Amusingly, I see that silly and uninformed opinions still appear in the Collegian. In that regard, not much has changed over the decades since I was a K-State student. I would politely suggest that Ms. Mendenhall needs to take a little more instruction in food chemistry, human digestive physiology and basic human genetics. (From reading her column, I might get the idea that political science and philosophy majors are a little weak in these areas.)
The idea that something unique to humans makes it “unnatural” would mean that most human activity could be identified as “unnatural” – including writing opinion columns in student newspapers. I haven’t seen another species do that yet, so apparently it is unnatural too.
Humans do not need the calcium from milk to be “fully absorbed” to still benefit greatly from milk as a source of calcium. Also, milk contains the correct ratio of phosphorous and calcium to maximize bone absorption of both (something generally lacking in the other calcium sources she mentions). What is more, humans do not need the phosphatase from milk to still absorb the calcium. Ms. Mendenhall would almost seem to be suggesting that without this external source of phosphatase, the calcium just passes right through us.
What is more, Vitamin D fortifying of milk combined with its high quality source of protein now enables it to be a great combination of nutrients not readily found in other foods. Having been raised in 21st century America, Ms. Mendenhall may not be very familiar with nutritional diseases, such as rickets or kwashiorkor, which are still very prevalent in underdeveloped counties (many populated by people that are lactose intollerant).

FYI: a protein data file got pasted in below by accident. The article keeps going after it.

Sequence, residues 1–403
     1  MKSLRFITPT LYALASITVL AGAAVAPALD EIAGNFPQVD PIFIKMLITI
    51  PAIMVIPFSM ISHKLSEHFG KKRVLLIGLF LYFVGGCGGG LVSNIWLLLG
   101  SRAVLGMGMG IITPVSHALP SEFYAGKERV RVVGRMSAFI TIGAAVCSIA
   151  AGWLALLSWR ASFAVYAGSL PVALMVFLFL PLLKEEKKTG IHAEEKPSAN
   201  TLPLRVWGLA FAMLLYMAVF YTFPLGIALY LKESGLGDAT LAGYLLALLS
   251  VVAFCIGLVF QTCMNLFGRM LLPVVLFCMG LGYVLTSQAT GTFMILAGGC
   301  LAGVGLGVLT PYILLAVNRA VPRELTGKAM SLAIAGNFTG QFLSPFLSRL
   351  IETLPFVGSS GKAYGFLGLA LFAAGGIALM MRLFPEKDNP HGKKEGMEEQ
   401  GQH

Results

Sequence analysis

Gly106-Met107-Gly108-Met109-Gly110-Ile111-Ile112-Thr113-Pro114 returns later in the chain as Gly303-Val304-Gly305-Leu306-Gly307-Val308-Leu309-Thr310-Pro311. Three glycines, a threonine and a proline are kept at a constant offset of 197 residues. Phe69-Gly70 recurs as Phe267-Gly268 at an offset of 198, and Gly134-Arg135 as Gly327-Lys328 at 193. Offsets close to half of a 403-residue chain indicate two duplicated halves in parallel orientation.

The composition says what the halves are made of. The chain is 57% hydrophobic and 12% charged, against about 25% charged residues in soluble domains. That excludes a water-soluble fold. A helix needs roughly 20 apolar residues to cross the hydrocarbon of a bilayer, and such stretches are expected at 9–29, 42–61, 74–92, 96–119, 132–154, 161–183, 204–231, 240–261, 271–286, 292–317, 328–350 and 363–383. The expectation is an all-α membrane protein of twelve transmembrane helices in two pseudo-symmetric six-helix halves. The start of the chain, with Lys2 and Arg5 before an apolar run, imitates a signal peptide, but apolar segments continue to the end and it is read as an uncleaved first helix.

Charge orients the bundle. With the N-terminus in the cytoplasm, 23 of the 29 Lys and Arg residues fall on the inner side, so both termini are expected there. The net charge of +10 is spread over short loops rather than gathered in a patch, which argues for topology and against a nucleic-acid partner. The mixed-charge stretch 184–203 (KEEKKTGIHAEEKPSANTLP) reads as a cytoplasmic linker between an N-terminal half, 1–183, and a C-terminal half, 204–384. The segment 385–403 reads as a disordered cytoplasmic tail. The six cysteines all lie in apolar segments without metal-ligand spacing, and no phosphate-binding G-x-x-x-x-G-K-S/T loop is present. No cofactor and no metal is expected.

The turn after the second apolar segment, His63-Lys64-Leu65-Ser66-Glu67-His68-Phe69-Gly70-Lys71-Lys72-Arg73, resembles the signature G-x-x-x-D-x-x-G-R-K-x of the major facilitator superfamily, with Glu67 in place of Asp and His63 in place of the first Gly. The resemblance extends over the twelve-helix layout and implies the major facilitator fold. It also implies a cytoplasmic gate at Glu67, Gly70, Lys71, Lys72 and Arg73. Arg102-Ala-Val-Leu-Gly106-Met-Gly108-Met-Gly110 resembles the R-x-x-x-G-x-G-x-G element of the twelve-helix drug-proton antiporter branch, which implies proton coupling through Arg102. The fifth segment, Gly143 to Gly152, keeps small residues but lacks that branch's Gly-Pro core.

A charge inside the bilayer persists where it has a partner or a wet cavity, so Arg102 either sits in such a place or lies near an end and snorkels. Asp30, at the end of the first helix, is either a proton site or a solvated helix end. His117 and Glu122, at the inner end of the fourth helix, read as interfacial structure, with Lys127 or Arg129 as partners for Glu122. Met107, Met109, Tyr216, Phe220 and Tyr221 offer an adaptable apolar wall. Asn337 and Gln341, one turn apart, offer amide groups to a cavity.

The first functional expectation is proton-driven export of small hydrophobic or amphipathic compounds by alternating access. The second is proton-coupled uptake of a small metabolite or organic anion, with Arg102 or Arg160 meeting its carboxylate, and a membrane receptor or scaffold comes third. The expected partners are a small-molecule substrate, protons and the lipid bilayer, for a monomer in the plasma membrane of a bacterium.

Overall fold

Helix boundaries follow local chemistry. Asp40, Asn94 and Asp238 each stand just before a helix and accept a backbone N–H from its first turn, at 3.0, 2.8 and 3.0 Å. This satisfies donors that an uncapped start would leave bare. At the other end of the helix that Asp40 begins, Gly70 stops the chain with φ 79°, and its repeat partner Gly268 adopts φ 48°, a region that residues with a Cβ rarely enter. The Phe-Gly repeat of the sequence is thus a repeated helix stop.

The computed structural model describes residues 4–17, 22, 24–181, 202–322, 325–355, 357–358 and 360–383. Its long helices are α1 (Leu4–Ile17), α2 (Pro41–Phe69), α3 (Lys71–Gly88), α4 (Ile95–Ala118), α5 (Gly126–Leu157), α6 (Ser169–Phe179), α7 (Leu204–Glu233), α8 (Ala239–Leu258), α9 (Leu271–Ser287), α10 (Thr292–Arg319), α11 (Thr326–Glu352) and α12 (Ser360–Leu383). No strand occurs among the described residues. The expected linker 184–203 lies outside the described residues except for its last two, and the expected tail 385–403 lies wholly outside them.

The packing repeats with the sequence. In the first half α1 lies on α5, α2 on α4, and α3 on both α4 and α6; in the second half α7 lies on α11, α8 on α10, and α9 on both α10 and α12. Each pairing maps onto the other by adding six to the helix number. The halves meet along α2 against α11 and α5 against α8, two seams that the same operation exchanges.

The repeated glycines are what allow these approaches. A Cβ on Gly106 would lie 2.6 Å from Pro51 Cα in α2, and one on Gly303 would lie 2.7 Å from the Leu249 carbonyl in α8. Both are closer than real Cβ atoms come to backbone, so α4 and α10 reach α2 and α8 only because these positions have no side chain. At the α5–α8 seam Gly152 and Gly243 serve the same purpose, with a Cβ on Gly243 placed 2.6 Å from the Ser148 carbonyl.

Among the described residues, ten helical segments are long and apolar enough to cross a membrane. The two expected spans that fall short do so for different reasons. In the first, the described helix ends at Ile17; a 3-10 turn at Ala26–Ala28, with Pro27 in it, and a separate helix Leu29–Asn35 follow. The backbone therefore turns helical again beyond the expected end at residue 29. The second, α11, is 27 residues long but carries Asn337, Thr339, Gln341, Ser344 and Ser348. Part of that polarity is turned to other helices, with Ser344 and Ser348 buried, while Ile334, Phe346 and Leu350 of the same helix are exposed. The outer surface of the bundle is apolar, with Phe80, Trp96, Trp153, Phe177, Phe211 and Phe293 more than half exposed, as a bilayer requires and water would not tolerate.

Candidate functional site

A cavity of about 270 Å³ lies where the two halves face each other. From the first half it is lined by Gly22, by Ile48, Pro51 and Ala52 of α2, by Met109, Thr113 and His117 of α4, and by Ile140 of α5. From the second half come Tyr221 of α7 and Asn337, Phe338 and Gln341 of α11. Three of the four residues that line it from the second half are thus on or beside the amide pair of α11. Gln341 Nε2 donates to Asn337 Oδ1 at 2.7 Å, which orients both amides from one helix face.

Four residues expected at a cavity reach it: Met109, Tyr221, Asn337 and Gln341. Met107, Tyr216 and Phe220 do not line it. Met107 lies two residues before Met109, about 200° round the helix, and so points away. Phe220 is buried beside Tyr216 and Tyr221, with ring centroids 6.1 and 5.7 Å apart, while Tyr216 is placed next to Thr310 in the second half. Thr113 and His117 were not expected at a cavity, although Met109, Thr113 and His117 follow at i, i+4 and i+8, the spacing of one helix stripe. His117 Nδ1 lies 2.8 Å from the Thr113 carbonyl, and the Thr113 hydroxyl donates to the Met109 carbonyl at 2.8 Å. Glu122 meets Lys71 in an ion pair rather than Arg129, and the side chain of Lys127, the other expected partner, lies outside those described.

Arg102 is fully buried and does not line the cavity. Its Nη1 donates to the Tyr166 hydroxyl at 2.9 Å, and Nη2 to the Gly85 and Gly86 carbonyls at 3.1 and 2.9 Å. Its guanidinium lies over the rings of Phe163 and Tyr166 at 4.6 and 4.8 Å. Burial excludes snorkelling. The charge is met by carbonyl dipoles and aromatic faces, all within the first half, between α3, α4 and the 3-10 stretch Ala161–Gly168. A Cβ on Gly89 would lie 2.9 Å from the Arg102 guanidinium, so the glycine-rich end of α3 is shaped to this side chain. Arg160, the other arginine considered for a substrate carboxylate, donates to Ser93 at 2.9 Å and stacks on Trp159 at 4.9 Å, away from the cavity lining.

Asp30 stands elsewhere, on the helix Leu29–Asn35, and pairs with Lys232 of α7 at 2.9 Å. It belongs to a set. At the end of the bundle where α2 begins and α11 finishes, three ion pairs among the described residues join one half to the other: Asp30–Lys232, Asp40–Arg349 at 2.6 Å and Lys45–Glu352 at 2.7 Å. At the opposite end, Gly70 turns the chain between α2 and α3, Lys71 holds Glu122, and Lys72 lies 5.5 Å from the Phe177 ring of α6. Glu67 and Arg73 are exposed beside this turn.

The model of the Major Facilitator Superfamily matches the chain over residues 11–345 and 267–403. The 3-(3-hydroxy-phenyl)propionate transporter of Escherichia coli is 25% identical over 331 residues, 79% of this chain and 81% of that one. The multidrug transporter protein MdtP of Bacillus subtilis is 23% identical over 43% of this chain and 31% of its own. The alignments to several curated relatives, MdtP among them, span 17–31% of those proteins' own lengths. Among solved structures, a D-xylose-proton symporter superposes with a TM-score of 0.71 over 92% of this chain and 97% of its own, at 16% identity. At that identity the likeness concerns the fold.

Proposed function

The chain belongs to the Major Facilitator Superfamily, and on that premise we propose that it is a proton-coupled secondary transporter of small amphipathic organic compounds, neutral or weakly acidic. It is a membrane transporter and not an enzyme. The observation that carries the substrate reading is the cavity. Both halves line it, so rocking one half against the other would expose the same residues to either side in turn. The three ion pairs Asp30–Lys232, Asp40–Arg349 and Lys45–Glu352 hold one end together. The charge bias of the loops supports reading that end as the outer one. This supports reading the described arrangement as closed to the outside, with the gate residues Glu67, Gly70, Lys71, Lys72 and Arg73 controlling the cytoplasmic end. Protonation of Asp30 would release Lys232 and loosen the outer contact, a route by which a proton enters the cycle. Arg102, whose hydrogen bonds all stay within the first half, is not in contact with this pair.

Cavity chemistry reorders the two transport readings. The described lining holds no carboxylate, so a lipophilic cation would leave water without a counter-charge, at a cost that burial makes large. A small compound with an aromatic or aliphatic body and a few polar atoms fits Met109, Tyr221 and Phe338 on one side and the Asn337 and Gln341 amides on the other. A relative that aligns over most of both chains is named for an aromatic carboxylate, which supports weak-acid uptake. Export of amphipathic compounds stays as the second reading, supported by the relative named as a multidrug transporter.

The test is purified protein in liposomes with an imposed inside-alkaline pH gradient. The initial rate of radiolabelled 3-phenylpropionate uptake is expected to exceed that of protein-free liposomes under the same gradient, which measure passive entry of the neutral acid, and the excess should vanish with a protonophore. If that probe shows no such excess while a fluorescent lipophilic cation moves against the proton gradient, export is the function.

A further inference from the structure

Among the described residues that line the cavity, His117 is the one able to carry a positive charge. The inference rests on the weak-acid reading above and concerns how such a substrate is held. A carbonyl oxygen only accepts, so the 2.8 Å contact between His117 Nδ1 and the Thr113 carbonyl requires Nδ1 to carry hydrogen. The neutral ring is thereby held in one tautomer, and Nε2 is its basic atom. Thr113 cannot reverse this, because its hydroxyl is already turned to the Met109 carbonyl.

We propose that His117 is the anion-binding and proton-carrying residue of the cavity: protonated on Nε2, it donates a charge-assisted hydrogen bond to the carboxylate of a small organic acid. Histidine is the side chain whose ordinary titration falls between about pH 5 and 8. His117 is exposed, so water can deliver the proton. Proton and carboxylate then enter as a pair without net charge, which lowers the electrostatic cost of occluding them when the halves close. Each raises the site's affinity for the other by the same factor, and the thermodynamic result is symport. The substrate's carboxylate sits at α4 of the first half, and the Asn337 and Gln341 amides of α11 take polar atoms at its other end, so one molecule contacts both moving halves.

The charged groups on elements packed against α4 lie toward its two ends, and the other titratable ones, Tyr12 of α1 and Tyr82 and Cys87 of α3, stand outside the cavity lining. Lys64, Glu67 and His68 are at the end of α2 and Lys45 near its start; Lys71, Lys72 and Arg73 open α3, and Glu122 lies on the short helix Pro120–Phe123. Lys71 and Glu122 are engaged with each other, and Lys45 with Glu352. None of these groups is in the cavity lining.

Ear infections in young kids were very common long before the use of BGH in dairy cattle. It’s interesting that suddenly BGH is the cause. I wonder how that works? (kids in the 70s and 80s were constantly getting ear infections in anticipation of drinking BGH in the future?)
At some time in human past, populations of people found that milk offered a well needed supplement to their diet, and there arose in some populations those individuals that were able to continue to make lactase past the age of adolescence. (I think biologist call this adaptation — something that comes in very handy when food is a bit scarce.) That other populations of people did not develop this does not mean that they are better off now (think rickets and kwashiorkor).
Milk is also strictly monitored for blood cells and antibiotic levels. More so than certain imported vegetables are monitored for pesticides (just incase you think a veggy diet somehow makes you safe from all those nasty chemicals).
-Kevin Anderson, Ph.D.